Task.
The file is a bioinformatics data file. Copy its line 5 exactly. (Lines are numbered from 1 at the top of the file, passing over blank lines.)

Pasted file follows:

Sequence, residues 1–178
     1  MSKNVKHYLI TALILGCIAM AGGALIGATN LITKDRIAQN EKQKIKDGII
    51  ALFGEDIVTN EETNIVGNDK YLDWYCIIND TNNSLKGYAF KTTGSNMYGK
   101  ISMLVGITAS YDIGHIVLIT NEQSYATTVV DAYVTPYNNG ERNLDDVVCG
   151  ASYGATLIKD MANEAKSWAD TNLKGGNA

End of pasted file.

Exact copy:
   151  ASYGATLIKD MANEAKSWAD TNLKGGNA